What on latex coated glove could make Reach test fail?

 

REACH is an important European regulation. It is in general something you have to comply with if doing business in Europe. The enforcement might be different from country to country.  Reach is supposed to be used to protect human health and the environment posed by chemicals; it is also used to enhance the competitiveness of European chemical industry.

By definition, work glove is a sort of article not chemical substance, so it does not need to follow all REACH procedures that chemicals got to obey, but you have to make sure it does not contain any harmful chemicals.  For work glove importers from some countries would get into trouble if their gloves were found contain harmful substances that is banned by REACH. The relative local government sector is responsible for the enforcement of REACH regulation. They could go test your product either at the point of custom declaration or during selling.

Now let’s talk about what on latex coated glove could make REACH test fail. Latex coated glove is a kind of glove that has a string knit liner and a latex coating. The coating style is either palm coated, 3/4 coated or fully coated. No matter which coating style, latex coated glove includes both liner and coating.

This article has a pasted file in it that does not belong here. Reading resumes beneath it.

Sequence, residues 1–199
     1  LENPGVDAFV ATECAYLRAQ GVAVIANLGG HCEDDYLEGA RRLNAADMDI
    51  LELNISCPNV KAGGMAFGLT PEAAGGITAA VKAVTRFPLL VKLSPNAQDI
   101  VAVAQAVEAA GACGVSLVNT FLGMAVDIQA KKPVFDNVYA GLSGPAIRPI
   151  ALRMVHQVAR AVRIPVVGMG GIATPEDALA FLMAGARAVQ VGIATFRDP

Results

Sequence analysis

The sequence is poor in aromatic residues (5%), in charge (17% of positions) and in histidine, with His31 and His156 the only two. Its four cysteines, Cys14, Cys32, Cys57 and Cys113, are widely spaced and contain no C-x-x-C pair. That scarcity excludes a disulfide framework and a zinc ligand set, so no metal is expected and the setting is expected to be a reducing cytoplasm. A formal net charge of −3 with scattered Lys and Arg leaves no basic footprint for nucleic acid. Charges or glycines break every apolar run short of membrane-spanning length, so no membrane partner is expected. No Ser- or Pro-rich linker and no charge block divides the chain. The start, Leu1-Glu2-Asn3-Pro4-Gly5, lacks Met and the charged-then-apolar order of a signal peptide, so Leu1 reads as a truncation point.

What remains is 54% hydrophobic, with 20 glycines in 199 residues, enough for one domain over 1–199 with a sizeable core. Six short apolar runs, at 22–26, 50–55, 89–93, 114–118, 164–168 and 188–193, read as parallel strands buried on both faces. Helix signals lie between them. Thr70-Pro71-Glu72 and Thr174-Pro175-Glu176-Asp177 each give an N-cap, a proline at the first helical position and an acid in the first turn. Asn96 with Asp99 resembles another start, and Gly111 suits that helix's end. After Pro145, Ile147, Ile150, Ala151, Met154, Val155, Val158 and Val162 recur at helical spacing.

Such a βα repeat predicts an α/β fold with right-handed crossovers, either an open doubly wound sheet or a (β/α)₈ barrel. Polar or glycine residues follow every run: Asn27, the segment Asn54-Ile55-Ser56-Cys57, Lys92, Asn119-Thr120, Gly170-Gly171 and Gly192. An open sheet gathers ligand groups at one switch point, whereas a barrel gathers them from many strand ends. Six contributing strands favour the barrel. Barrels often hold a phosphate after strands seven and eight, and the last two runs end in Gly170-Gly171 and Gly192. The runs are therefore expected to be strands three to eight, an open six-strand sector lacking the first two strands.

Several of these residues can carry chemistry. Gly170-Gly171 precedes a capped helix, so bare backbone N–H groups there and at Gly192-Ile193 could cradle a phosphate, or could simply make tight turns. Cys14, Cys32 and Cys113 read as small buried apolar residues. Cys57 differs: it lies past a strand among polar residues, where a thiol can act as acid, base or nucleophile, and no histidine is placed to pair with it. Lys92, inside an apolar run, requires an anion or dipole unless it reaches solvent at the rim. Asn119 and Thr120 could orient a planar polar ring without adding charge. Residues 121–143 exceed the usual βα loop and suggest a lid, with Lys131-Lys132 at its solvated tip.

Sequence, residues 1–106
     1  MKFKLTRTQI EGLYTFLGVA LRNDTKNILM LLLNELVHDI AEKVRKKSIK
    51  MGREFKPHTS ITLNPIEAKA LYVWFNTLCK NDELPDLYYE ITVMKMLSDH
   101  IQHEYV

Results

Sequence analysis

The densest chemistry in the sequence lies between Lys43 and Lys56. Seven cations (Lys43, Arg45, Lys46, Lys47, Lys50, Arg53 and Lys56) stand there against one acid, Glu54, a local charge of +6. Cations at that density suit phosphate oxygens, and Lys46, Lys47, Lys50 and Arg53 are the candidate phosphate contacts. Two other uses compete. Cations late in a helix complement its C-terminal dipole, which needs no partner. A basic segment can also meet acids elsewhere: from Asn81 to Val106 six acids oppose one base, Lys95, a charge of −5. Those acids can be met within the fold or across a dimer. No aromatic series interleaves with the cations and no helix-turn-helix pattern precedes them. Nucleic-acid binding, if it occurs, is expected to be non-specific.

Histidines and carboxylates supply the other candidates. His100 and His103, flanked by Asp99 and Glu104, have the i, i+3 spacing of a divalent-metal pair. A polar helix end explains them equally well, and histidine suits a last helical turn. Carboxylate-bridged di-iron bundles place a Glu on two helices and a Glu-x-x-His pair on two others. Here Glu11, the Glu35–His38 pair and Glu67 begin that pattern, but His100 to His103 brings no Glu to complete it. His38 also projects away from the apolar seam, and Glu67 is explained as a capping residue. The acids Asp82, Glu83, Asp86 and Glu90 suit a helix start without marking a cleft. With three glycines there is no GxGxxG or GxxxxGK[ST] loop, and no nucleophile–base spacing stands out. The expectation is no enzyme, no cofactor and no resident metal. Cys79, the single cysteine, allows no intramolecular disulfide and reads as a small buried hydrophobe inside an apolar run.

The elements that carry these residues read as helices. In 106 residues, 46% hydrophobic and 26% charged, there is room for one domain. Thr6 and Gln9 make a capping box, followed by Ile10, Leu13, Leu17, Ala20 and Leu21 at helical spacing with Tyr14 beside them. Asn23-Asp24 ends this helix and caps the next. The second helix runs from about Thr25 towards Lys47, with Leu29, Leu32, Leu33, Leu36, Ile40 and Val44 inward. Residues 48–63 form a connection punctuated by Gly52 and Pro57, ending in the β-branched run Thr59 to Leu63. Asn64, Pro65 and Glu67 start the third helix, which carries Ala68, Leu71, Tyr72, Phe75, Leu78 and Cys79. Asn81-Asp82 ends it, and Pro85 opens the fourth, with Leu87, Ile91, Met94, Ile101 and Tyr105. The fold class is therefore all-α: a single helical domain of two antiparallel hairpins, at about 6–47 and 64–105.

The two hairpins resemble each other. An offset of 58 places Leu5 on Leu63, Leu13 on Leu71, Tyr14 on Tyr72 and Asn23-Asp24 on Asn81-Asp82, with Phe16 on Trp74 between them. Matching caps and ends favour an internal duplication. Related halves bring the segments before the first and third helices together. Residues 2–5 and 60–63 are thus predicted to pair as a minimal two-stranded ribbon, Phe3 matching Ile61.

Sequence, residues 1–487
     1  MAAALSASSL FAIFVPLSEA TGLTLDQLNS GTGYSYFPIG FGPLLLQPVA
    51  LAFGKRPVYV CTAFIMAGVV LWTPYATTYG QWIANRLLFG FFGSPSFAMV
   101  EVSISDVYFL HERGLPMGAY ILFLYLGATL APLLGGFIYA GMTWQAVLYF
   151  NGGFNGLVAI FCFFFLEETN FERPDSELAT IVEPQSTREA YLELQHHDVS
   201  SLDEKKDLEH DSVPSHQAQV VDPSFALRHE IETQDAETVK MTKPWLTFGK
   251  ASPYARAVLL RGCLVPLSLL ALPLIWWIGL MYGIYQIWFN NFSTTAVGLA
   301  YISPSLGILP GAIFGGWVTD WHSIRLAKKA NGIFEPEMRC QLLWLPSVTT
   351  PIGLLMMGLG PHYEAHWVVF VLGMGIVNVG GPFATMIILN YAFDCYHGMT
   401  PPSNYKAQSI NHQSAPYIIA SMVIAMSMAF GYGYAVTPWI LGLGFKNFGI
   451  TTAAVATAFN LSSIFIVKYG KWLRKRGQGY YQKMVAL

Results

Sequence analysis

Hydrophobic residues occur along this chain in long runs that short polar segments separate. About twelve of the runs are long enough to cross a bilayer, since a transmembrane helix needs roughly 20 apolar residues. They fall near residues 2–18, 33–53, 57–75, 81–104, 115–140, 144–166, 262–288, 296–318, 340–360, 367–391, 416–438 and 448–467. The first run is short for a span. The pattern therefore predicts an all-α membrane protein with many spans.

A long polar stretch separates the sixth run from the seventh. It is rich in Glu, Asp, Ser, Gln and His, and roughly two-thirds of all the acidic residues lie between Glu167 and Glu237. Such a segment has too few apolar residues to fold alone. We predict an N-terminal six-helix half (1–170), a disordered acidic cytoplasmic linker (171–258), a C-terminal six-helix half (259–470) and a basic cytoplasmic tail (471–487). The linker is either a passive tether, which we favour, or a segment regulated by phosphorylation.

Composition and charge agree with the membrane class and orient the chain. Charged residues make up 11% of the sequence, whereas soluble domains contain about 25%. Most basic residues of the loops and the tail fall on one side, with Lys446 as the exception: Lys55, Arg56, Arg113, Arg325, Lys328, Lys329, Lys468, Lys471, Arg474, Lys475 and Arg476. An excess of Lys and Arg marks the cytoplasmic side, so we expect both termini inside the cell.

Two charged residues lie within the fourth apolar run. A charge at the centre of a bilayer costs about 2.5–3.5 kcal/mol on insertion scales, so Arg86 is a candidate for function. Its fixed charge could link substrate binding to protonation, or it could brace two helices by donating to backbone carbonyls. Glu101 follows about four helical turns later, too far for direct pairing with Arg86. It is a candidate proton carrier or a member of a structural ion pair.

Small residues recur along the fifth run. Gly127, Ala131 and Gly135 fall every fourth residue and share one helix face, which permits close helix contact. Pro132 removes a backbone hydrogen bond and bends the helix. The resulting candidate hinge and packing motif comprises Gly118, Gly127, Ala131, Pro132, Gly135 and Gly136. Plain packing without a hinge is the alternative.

First let’s look at the liner. The liner is constructed with yarn, rubber thread, rubber band inside hem and hem yarn. Rubber thread on wrist, rubber band inside hem and hem yarn can be excluded because sample materials are taken from palm area. If the yarn used for knitting is not recycle one, then the liner is basically no problem to pass the test. If it is recycle yarn, then it is hard to say because nobody really knows exactly where these recycle material come from. Now lets get into coating. Coating was made with natural rubber latex and some assistant substance which usually some calcium stuff. These assistant substance might be suspectable, but when you go through all the substance used for making coating, you find non-harmful stuff.

Other than coating and liner, other chemicals are applied in production process. Those chemicals do not really become part of glove but residual on glove. There are several residual substance after gloves are done. One of them is a kind of brightener for enhancing the gloss of coating  without which glove looks bad. This brightener is the main cause that makes REACH test fail.

So the most effective way to pass REACH test is not to apply this brightener on gloves, but it will make glove look bad, especially when the glove coating is black color. The solution is to use as little brightener as you can. When you reduce the applied amount of brightener , harmful substances can be detected on glove but with a tolerant level allowed by REACH. This was proven by my past experience. It would be no problem for latex coated glove to pass REACH test if you reduce the applied amount of brightener.

 

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